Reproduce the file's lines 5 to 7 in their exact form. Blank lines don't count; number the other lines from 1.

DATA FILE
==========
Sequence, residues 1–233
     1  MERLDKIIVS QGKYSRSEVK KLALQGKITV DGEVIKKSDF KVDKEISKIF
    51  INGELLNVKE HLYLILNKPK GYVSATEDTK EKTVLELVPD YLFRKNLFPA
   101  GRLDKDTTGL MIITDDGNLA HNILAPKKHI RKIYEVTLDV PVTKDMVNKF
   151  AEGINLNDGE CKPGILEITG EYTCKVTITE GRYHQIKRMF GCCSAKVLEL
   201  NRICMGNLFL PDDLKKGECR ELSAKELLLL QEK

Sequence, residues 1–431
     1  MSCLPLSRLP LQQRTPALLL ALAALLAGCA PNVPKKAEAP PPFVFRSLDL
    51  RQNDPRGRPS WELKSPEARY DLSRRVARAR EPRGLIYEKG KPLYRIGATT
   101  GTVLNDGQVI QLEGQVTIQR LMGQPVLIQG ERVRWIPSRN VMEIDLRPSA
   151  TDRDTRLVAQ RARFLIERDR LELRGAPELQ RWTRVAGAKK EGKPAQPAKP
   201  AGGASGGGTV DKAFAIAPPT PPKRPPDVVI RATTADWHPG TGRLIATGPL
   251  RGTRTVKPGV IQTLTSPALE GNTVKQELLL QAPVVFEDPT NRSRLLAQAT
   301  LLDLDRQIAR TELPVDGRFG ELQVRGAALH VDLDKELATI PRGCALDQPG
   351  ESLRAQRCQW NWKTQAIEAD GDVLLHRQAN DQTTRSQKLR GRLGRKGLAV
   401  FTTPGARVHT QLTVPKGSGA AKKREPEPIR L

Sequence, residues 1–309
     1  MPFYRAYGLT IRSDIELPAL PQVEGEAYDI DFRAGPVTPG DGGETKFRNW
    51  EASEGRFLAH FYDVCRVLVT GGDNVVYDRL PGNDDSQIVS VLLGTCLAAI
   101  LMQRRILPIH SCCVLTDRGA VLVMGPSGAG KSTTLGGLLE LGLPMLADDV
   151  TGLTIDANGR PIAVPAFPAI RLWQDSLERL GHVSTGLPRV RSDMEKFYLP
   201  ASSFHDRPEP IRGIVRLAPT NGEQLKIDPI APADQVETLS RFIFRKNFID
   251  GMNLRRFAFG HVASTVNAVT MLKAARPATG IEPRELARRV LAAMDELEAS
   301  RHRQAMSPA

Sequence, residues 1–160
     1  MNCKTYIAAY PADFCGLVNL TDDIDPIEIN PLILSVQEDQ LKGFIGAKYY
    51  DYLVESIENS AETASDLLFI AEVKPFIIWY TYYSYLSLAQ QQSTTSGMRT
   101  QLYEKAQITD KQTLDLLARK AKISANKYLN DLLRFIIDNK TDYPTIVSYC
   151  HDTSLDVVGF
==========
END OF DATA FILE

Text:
   151  AEGINLNDGE CKPGILEITG EYTCKVTITE GRYHQIKRMF GCCSAKVLEL
   201  NRICMGNLFL PDDLKKGECR ELSAKELLLL QEK

Sequence, residues 1–431